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Show Us Your Studio!

All about the tools and techniques involved in capturing sound, in the studio or on location.

Re: Show Us Your Studio!

Postby hopscotch44 » Sat Feb 17, 2018 7:27 pm

how are you guys getting photos up here?
i see some older posts have blocked images too?

what am i missing

sorry to lower the tone
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Re: Show Us Your Studio!

Postby Sam Spoons » Sat Feb 17, 2018 7:36 pm

I used to use dropbox but they changed the format a couple of years ago and you can no longer display pics hosted on there, only link to them, it could be that is why some older ones are now blocked.
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Re: Show Us Your Studio!

Postby blinddrew » Sat Feb 17, 2018 8:50 pm

I think most people use imgur now.
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Re: Show Us Your Studio!

Postby James Perrett » Sat Feb 17, 2018 8:56 pm

Finally got round to taking some pics of the current studio - it never seems to look tidy so this is about as neat as its gets...

Looking into the recording room
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This is the view from the couch
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The recorder corner
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Re: Show Us Your Studio!

Postby blinddrew » Sat Feb 17, 2018 9:14 pm

How many tape machines?!
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Re: Show Us Your Studio!

Postby Hugh Robjohns » Sat Feb 17, 2018 9:38 pm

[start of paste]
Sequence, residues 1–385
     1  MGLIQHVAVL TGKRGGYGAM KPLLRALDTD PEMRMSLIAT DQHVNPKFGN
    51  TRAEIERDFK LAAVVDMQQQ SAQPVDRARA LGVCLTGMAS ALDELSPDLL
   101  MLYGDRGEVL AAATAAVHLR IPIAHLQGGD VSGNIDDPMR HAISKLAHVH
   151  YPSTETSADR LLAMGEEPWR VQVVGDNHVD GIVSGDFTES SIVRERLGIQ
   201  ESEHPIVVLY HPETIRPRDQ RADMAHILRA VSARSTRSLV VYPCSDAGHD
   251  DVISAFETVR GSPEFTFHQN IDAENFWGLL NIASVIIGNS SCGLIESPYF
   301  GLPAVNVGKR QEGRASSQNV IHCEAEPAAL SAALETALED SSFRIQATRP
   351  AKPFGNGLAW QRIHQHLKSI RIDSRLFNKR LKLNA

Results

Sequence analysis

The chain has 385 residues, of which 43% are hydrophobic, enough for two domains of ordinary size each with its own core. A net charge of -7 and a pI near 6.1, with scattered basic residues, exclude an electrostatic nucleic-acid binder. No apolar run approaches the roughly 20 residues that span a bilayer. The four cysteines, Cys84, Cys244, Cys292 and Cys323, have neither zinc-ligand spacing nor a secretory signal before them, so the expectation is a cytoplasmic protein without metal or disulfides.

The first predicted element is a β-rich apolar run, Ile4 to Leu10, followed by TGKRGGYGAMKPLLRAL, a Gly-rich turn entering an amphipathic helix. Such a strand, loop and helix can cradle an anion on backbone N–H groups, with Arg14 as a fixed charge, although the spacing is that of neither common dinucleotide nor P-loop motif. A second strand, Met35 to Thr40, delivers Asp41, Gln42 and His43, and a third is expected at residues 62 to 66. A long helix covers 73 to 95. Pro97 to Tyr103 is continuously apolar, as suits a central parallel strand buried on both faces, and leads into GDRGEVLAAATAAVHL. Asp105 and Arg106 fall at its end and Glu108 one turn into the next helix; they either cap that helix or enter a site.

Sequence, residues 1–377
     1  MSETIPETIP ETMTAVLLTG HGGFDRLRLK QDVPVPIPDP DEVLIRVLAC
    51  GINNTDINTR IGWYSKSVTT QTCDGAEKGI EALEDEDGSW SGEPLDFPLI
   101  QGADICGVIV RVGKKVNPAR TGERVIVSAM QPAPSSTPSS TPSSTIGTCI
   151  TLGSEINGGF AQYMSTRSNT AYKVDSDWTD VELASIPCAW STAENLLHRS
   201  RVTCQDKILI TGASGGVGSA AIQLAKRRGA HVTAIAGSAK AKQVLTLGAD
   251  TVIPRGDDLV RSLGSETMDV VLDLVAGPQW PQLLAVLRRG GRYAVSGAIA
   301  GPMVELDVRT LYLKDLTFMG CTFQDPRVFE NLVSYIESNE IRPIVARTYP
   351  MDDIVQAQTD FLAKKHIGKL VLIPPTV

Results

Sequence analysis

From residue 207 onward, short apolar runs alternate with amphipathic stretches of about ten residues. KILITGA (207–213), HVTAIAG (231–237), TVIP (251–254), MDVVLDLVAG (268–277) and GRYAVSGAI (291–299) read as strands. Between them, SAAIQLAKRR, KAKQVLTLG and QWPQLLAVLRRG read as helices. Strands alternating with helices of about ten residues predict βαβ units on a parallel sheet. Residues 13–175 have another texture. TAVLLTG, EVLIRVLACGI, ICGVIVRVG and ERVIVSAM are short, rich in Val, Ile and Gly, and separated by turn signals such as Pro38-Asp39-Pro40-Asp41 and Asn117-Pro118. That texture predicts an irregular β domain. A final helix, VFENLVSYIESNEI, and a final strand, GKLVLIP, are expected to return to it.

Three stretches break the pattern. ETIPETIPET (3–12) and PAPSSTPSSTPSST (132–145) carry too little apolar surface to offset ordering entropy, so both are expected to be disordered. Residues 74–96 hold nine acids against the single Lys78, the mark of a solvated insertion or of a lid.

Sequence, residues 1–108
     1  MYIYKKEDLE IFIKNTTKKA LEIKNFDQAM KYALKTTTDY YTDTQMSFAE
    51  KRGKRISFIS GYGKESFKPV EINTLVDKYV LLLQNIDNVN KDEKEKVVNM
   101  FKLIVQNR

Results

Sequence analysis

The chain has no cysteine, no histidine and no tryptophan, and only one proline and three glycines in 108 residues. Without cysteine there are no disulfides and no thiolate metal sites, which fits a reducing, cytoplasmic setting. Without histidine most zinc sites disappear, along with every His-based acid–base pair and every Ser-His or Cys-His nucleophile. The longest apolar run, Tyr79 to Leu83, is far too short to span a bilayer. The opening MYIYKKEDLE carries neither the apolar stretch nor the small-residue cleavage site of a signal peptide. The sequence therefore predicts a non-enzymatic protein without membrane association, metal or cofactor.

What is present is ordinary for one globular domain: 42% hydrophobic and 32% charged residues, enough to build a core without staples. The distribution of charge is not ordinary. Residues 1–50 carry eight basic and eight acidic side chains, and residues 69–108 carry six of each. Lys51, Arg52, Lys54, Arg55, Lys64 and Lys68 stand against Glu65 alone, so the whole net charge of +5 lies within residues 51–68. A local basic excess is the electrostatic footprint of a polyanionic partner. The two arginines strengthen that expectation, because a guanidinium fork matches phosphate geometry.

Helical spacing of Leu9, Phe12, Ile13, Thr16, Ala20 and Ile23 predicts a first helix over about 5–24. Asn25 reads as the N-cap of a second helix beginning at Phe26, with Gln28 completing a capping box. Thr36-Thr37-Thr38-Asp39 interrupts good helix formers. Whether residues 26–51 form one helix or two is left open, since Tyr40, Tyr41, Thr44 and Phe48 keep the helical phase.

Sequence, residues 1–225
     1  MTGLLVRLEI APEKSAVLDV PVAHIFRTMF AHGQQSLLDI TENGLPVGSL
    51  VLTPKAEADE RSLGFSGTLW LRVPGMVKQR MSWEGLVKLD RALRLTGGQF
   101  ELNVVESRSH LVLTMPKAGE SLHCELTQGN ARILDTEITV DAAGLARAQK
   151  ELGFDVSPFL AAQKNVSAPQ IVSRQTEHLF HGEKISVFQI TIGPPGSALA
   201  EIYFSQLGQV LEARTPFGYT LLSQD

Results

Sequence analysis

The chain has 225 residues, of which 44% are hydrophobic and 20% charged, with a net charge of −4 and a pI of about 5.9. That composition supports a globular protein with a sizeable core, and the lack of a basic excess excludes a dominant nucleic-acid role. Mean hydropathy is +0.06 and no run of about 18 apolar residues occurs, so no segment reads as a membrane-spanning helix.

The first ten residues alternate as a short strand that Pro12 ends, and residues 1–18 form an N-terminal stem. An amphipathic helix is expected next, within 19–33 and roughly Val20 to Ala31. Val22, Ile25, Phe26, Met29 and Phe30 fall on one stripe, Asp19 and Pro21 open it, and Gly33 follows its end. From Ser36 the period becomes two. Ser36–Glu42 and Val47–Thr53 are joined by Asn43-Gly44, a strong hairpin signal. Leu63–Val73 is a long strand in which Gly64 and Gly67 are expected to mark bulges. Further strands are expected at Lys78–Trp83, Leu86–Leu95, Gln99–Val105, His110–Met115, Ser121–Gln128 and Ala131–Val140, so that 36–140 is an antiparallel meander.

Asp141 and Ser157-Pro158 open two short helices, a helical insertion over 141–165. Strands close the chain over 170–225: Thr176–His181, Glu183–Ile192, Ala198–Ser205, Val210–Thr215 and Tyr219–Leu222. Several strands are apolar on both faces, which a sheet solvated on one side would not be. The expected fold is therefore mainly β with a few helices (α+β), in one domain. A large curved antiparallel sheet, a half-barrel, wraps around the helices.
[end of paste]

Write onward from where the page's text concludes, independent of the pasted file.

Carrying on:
I wondered where the 1980s had gone. Nice to know they're thriving in James' studio! :lol: :thumbup:

Nice!

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Re: Show Us Your Studio!

Postby James Perrett » Sat Feb 17, 2018 9:51 pm

My original ambition was to own a studio just like the ones I used to use when I was in bands in the 80's. The collection of gear was built up gradually as I could afford it (or as clients asked for it in the case of some bits of kit). Of course the modern recording setup all fits in a 4U rack case which can be seen sitting behind the ADAT's .
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Re: Show Us Your Studio!

Postby Sam Spoons » Sat Feb 17, 2018 10:27 pm

I had an A77 for a good while, wish I'd never sold it.... Not really any point now but I do miss having the 'mickey mouse ears' (as my wife called them) revolving somewhere.....

Though, if I wasn't trying to de-clutter, another Revox would be a nice thing to have (maybe I could afford a B77 this time around......)
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Re: Show Us Your Studio!

Postby James Perrett » Sun Feb 18, 2018 1:20 am

They're both good machines Sam - there is actually an A77 sitting in the brown case under the mixer which needs a bit of restoring. I bought the B77 before I had really used an A77 so I was pleasantly surprised by how refined the A77 was when I finally got to use one given that it was designed at least 10 years before the B77.
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Re: Show Us Your Studio!

Postby Jorge » Sun Feb 18, 2018 6:57 am

James that is quite an impressive collection of equipment! One question, how do you think having all the racks and electronics in a studio with a low ceiling affects the acoustics?
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Re: Show Us Your Studio!

Postby James Perrett » Sun Feb 18, 2018 11:48 am

The low ceiling isn't great for acoustics but I've tried to lessen the effect by the liberal use of absorbent panels. All the corners on the front wall are also configured as corner bass traps and there are some thicker panels at the back of the studio too.